The mosaics continue to reflect the importance of industry to Long Beach’s success.

Tuesday, April 21, 2015

Airport Drill Will Put Emergency Response to the Test

Airport staff and security will be on high alert in the late hours of Friday, April 24, even though no planes will be scheduled to arrive or depart at that time.
That’s because the LGB Air Ex 2015 Triennial drill, held every three years to adhere to FAA requirements, will take place. The drill simulates an emergency situation and puts all levels of airport response to the test. It is vital training that provides real experience to the airport first responders.
“It allows us to exercise our mass casualty incident policies and procedures, and take our personnel and run them through a large scale exercise,” said LBFD Battalion Chief James Underwood. “We are in a position to execute some of our plans and evaluate them.”
The Triennial involves multiple agencies, and is evaluated by the FAA. Hundreds of volunteers will be on hand to play many different roles that staff are likely to come into contact with in the event of a real situation.
The last time that Long Beach Airport hosted the drill was in 2012, when the daytime simulation involved a large aircraft with 95 souls aboard crashing into a small aircraft with four others aboard. Back in 2009, the drill occurred at night, and simulated a 6.4-magnitude earthquake less than two miles away.
The Triennial is also important because it brings many players together all at once.
“You’re going to interact with so many different agencies, and it helps you put a face to names,” said Karl Zittel, Superintendent of Airport Operations.
“We also can fine tune our emergency plan if we see items that need improvement, and update with the FAA to make sure that the plan is reflective of the lessons learned.”

Tuesday, March 31, 2015

Huge Turnout "Runs The Runway" To Reopen 7L-25R at Long Beach Airport

It had been 22 years since the public was invited onto a runway at Long Beach Airport, and they certainly made the most of the opportunity. On Tuesday afternoon, more than 1,400 people attended a “Run The Runway” event at LGB to welcome the reopening of Runway 7L-25R and participate in a one-mile fun run.

Some participants ran like the wind and completed the mile in just around six minutes. Most people, however, took their time and enjoyed the sights and sounds of being on a runway while flights continued to operate around other areas of the airport. After all, there was a lot to see. Long Beach Fire Department Station 16 brought their emergency truck, the Los Angeles County Sheriff’s Department brought a helicopter, Catalina Flying Boats brought their historic DC-3 and several small general aviation aircraft were also on display. If there was ever an event to inspire a future generation of pilots, it was Run the Runway at LGB.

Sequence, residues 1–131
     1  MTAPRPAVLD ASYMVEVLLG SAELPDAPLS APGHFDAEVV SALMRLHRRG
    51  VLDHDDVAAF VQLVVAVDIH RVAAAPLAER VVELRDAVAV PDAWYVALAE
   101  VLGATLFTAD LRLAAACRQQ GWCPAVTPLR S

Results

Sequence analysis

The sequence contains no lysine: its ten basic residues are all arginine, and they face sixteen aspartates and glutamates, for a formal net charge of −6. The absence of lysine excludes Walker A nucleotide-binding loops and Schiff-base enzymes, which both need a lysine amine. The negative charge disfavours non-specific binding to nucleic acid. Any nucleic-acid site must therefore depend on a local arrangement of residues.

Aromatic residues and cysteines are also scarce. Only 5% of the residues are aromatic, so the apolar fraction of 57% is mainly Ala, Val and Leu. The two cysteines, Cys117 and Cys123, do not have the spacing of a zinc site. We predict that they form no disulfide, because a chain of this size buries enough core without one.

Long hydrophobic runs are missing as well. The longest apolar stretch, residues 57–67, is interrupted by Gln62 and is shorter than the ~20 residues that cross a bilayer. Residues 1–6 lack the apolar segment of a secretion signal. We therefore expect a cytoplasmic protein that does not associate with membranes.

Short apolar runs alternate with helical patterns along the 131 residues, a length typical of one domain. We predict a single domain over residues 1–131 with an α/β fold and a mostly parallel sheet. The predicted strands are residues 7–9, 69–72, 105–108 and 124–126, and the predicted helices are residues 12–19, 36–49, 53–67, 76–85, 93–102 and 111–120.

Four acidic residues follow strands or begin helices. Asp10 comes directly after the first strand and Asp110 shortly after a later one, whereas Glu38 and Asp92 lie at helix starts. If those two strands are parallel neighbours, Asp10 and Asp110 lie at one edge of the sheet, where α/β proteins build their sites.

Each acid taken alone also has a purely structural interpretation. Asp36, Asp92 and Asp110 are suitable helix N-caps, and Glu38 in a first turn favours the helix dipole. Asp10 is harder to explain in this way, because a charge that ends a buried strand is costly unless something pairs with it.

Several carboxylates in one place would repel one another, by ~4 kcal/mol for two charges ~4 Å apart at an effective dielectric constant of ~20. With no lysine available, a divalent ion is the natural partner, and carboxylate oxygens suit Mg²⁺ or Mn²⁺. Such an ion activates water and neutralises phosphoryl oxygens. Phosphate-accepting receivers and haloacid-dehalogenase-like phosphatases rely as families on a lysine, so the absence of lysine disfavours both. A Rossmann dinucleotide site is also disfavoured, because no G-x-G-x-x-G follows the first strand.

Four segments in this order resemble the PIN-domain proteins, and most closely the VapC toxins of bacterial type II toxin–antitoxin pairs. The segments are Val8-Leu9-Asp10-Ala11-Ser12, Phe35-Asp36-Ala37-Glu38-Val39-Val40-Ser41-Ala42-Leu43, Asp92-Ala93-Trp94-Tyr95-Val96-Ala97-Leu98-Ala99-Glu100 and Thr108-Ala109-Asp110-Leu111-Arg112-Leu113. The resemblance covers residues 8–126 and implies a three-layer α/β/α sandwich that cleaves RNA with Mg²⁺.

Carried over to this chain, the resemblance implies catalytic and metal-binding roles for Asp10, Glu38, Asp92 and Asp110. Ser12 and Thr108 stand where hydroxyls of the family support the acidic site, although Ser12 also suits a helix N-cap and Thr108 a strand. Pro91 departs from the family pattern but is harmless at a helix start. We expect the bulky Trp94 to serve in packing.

Local elected officials also turned out to celebrate the event. Long Beach City Councilmembers included Al Austin, Roberto Uranga and Stacy Mungo. Lakewood Mayor Jeff Wood also attended, and Long Beach Mayor Robert Garcia cut the ribbon to officially mark the opening of 25R. The most coveted job of all, though, went to Long Beach Airport Director Bryant L. Francis, who waved a giant orange-checkered flag to mark the official start of the fun run.

If that wasn’t enough, local favorites MOVE brought the jams with performances before and after the run. Meanwhile, the Van Leeuwen Ice Cream truck offered delicious artisan treats. It was truly an all-encompassing event, made even better thanks to the enormous crowd and their excitement and enthusiasm.

Runway 7L-25R will officially open for aviation activity on April 17 as the secondary runway for commercial flights, and will handle a large portion of our general aviation activity.

Friday, March 6, 2015

Long Beach Airport Set to Star on Small Screen

Long Beach Airport Director Bryant L. Francis and Mayor Robert Garcia discuss a commitment to sustainability with Things Green host Nick Federoff.

Film crews and television stars are familiar sights in Long Beach, and recently, the airport itself has had plenty of chances for a starring role. Two different programs have visited in the last few weeks, and before long you may be able to spot LGB from the comfort of your living room couch.

Set design for Criminal Minds taping.
The first to visit was Criminal Minds, the popular CBS thriller about staying one step ahead of the bad guys. The producers needed a scene set in an airport, with very specific requests. So set designers actually transformed the baggage claim area outside of the main terminal, from Long Beach Airport to another country entirely. Passengers that were arriving and departing may have been a little confused to see signs that said “Welcome to Barbados” and “Bridgetown International Airport” hanging all around. Several enormous plants and trees were brought in for a more tropical feel. Cast members like Shemar Moore were very gracious and posed for several pictures with fans. The episode is expected to air later this year.

Only a week later, Long Beach Airport welcomed another film crew for an entirely different kind of shoot. This time, PBS visited in order to film an episode of the new show Things Green With Nick Federoff, set to launch its first season in late summer. Federoff has hosted radio shows for decades that focus on gardening and green living, so LGB was thrilled to show him a wide variety of environmentally friendly aspects of the airport. He toured the concourse, main terminal and even the airfield itself to get a glimpse of how beauty and sustainability come together to create a truly unique flying experience. We also welcomed the Long Beach Press-Telegram, who published an article about the filming, which you can read here. Federoff even spoke with Airport Director Bryant L. Francis and Mayor Robert Garcia, and we can’t wait to see them all when the episode premieres on August 22, at 9:00am on KLCS.

Nick Federoff tours the LGB airfield during taping of his KLCS show, Things Green,

Tropical plants arrive for set design during taping of Criminal Minds.